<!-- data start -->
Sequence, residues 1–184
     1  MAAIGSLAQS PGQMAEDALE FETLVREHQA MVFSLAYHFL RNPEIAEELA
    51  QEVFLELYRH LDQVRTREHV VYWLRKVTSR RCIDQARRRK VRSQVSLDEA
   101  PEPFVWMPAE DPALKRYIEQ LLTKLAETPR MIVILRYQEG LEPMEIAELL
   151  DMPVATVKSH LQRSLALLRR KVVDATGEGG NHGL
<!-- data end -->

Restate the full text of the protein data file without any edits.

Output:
Sequence, residues 1–184
     1  MAAIGSLAQS PGQMAEDALE FETLVREHQA MVFSLAYHFL RNPEIAEELA
    51  QEVFLELYRH LDQVRTREHV VYWLRKVTSR RCIDQARRRK VRSQVSLDEA
   101  PEPFVWMPAE DPALKRYIEQ LLTKLAETPR MIVILRYQEG LEPMEIAELL
   151  DMPVATVKSH LQRSLALLRR KVVDATGEGG NHGL